This species is found along the eastern coastal regions of Australia. This was a particularly pleasing sighting as I’ve only ever seen it on several previous occasions.
Review: Brushed by Feathers
Review: Brushed by feathers: a year of birdwatching in the west by Frances Wood (2004, Fulcrum Publishing, Colorado).
What a delightful book. I was given a copy by someone (a friend of a friend) who attended one of my bird talks. I am normally reluctant to let people lend me books to read, no matter how interesting the subject matter because I have so many books and magazines of my own waiting for my attention. Still, out of politeness I accepted this title, and I’m so pleased that I did.
At first I only read a few pages in bed before turning off the light. As I moved further into the text I became hooked – no, spellbound. This is one special book, and all about birds I know nothing about. The author lives on Puget Sound in Washington State near the Pacific Ocean. It is a significant body of water for many water-bird species and the hinterland a passageway for many other migrating species.
The book is an account of a year, month by month, in the birding life of one small area: the author’s small acreage around her home – with occasional trips elsewhere or reminiscing accounts of earlier trips and experiences. From the Barn Swallows nesting under the eaves to various hummingbirds visiting her feeder through to rare encounters, the author takes the reader on a journey of wide-eyed, wondering and fascinated observations of the daily lives of her feathered friends.
Her descriptions of the house and garden, the local environment, weather and daily happenings take the reader into her confidence until we feel almost part of her family. Her lyrical style draws the reader on from bird to beautiful bird, each described with care – as if each was her personal favourite.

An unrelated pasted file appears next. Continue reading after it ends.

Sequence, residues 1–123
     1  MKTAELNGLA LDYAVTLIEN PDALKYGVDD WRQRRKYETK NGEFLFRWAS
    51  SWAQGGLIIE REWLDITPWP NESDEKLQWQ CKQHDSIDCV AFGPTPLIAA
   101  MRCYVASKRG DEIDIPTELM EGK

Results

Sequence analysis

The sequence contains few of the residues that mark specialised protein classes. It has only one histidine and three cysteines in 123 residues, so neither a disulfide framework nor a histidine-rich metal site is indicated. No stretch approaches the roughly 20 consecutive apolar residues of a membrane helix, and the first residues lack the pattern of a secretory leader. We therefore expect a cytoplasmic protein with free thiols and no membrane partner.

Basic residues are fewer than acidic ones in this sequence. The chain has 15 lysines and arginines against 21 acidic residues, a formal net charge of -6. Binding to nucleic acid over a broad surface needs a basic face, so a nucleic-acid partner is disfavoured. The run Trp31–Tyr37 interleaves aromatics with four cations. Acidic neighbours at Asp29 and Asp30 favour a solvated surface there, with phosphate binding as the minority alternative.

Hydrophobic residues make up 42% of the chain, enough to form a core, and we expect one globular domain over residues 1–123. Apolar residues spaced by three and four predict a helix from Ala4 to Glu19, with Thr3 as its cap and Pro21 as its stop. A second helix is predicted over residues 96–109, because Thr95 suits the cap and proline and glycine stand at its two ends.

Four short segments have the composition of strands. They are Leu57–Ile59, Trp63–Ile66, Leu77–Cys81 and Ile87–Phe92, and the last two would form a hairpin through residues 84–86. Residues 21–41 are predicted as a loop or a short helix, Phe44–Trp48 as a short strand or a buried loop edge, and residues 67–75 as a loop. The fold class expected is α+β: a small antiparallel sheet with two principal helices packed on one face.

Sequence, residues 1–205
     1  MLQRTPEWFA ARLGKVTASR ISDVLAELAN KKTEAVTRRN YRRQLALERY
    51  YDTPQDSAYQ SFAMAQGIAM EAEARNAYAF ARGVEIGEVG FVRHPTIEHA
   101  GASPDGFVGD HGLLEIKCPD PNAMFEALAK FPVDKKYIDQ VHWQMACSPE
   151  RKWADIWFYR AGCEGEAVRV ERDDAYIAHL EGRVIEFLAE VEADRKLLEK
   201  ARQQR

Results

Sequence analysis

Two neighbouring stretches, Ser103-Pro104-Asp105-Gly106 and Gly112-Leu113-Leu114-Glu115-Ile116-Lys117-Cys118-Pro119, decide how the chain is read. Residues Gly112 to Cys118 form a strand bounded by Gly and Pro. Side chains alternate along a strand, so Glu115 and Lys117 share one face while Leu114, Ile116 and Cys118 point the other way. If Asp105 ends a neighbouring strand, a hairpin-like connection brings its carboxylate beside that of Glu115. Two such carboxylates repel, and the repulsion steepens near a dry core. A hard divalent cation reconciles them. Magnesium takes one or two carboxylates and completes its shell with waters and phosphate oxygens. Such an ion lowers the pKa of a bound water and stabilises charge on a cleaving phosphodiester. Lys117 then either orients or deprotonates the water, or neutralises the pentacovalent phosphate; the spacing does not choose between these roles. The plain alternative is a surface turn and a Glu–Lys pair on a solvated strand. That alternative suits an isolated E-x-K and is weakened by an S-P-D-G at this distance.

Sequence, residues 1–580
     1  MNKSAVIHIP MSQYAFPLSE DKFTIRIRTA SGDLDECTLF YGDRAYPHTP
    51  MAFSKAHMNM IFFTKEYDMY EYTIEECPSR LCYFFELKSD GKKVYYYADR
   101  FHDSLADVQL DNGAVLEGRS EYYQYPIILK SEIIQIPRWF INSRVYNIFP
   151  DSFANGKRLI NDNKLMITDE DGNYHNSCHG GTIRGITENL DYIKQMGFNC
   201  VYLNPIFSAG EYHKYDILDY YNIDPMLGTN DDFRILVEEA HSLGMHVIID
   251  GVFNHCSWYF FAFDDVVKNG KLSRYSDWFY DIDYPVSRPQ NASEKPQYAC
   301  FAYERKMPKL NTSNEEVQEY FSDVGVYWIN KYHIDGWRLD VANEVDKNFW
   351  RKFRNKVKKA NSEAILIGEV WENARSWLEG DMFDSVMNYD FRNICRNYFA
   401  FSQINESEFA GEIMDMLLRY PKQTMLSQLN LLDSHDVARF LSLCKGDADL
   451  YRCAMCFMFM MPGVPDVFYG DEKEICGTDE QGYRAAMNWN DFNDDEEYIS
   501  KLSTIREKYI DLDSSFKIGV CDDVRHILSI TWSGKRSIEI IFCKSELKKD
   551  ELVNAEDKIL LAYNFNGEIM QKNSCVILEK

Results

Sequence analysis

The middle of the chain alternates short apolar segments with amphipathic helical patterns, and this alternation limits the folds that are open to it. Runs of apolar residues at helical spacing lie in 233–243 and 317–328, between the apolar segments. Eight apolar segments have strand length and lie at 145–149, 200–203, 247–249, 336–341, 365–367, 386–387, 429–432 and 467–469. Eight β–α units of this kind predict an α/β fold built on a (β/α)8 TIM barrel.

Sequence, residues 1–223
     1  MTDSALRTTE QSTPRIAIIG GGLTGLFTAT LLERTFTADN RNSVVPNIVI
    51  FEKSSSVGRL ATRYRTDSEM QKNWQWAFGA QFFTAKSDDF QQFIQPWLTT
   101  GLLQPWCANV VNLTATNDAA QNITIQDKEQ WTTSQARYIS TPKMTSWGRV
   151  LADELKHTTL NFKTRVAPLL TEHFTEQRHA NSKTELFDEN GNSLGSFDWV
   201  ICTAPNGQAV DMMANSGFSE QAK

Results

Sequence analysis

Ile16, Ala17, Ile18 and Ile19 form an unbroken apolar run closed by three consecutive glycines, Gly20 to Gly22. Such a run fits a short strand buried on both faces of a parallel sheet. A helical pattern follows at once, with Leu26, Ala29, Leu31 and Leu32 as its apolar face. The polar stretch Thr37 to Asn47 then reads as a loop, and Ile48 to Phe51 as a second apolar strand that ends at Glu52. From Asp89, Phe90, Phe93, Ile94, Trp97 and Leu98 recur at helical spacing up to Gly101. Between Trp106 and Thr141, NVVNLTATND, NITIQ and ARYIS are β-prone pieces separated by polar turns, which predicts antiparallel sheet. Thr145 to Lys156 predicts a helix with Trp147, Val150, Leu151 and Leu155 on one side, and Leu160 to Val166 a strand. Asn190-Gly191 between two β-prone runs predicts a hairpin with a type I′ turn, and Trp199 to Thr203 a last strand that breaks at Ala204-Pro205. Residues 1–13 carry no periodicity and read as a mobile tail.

The author’s web page can be seen here.
Eastern Reef Egret, The Bluff, Victor Harbor
Last month we went on a day trip with friends of ours to Victor Harbor. We primarily went to see the whales but in that quest we were unsuccessful. Best thing we saw was several seals. It was a wild stormy day and I guess the whales used their common sense and stayed under water as much as possible.
During the afternoon we drove to the base of The Bluff, a prominent hill on the south western edge of town. On the short drive to the fishing jetty there are many rocky outcrops close into shore. I’ve always found this spot to be good for birding. I was not disappointed on this occasion either.
This solitary Eastern Reef Egret (also called Eastern Reef Heron) was busy feeding around the rocks, the photo above showing he has a “crest” – it’s actually the blustery wind giving the bird a “bad feather day”.
This species in interesting in that it can be found in both the dark morph, shown in these photos, and a white version. As far as I know this species is not very commonly seen in South Australia, so I have reported this sighting to Birds SA. In fact, I’ve never seen it in South Australia myself. I’ve only seen it twice before – both times in Western Australia many years ago.
This species is not to be confused with the White-faced Heron, shown in the last photo below.